Verifying moisture meters' accuracy
The manufacturer might supply a calibration module. It's a resister with a high value. You connect the resistance to the probe. The hard part is knowing where to turn trimpots to bring the meter into calibration, but the module should come with instructions.
In addition to tuning in my Delmhorst RC-1E with the 12/22 percent calibrator stick, I occasionally check my meters on actual wood samples that I know the exact moisture content of.
In other words, once in a while when I have completed a charge of red oak or soft maple, I'll oven-test wafers off of the samples (using two wafers - not sliced just off the edges either) to find out the exact sample moisture content.
Then I get to see just how my meter reacts to measuring the center segment of the sample.
I try and keep a piece or two laying around the office (which has 35 percent relative humidity) to use as a reference, if I doubt my meters for whatever reason.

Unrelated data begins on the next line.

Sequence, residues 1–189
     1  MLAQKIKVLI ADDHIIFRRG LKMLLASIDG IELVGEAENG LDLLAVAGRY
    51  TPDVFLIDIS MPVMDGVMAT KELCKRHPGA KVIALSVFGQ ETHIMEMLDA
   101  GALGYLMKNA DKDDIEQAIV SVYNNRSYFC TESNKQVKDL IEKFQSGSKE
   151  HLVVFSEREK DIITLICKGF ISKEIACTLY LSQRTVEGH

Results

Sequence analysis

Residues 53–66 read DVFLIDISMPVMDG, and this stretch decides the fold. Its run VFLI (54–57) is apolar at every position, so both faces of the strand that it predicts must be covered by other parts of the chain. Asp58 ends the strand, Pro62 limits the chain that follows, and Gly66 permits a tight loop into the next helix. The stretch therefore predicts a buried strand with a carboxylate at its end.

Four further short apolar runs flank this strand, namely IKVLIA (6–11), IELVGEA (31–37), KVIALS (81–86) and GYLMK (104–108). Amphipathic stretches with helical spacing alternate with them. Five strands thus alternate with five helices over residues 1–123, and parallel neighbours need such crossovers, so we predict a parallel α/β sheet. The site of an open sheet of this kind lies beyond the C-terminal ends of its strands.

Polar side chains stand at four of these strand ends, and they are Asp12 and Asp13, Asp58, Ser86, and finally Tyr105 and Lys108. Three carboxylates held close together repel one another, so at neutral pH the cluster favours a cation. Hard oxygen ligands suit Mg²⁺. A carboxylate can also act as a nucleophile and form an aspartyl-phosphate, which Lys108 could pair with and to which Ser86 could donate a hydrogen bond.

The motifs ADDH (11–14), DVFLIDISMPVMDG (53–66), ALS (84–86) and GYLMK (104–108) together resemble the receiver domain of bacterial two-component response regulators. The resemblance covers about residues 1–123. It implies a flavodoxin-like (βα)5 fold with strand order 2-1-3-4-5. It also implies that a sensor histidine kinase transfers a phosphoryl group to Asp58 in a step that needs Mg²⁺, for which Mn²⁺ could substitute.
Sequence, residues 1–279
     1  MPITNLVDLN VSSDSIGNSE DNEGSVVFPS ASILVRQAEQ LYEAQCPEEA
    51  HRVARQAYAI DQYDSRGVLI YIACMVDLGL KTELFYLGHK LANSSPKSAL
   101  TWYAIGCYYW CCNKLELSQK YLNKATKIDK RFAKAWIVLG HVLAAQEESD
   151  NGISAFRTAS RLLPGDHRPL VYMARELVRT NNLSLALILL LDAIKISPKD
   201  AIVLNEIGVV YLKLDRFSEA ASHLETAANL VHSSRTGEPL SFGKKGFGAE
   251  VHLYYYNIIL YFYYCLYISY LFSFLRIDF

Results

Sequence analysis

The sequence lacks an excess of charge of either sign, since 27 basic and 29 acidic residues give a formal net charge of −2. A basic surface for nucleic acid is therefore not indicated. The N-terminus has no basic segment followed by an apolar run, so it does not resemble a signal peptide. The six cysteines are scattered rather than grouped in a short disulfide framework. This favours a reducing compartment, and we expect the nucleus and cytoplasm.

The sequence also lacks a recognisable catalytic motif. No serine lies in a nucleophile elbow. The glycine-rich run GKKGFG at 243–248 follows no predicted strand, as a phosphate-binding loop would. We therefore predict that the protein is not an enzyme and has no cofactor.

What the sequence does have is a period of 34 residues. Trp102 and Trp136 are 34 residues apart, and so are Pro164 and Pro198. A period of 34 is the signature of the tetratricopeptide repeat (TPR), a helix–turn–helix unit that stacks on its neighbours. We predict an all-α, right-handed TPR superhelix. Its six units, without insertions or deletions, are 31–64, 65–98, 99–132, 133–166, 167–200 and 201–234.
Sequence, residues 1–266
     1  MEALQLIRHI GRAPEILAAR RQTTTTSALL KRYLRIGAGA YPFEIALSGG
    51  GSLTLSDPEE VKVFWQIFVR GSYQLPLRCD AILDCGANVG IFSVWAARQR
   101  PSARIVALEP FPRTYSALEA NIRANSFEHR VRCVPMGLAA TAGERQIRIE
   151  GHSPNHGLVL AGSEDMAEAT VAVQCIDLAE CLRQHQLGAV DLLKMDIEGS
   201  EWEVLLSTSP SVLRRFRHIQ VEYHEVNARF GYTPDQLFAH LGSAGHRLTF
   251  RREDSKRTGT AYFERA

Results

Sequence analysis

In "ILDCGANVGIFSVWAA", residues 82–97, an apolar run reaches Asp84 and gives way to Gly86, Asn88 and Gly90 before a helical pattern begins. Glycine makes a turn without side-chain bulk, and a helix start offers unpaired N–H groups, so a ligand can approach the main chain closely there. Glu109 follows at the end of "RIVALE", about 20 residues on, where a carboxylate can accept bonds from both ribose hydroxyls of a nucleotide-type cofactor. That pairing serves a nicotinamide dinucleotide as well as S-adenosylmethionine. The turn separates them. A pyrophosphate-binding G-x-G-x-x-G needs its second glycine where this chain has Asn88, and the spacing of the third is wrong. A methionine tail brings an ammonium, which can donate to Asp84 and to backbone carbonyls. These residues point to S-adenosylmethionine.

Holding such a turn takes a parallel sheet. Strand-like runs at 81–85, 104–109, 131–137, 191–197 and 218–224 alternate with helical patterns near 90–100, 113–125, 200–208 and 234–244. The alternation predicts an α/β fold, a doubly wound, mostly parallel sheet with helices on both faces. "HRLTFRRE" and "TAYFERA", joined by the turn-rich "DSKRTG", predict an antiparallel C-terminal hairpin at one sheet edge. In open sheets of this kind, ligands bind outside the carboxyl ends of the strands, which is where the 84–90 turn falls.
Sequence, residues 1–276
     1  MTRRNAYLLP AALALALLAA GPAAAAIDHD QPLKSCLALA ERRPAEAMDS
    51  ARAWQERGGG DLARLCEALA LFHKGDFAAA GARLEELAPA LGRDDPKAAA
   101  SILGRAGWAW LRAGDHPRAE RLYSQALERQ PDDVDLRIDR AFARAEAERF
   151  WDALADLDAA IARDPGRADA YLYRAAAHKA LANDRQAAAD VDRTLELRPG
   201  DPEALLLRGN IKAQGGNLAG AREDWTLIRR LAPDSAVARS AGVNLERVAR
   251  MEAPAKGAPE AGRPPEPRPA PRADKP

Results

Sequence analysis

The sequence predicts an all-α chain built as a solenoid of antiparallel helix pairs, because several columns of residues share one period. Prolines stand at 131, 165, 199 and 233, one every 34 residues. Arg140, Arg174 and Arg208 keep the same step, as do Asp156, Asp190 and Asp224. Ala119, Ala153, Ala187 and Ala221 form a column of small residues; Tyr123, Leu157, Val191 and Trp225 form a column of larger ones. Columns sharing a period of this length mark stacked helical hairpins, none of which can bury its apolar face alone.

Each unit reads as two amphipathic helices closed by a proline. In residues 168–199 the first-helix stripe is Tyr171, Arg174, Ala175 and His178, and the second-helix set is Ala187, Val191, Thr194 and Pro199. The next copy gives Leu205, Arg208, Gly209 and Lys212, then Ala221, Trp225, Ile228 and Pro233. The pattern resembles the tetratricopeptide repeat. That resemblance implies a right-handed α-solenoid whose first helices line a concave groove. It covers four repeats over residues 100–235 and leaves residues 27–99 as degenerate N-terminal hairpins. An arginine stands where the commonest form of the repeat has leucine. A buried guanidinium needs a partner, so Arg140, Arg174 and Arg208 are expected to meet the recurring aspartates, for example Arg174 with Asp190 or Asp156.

From the original questioner:
After reading "Electric Moisture Meters for Wood," I have one question.
It mentions in one of the notes for Table 1 that the resistance is measured in megohms. Some species would have a resistance of 200,000 megohms or higher. Is this correct, or are the resistances 200,000 ohms?
That is correct, 200 billion ohms. That high resistance is why the pin meters do not work well under 7 percent MC -- the resistance is too high to be measured with inexpensive equipment.
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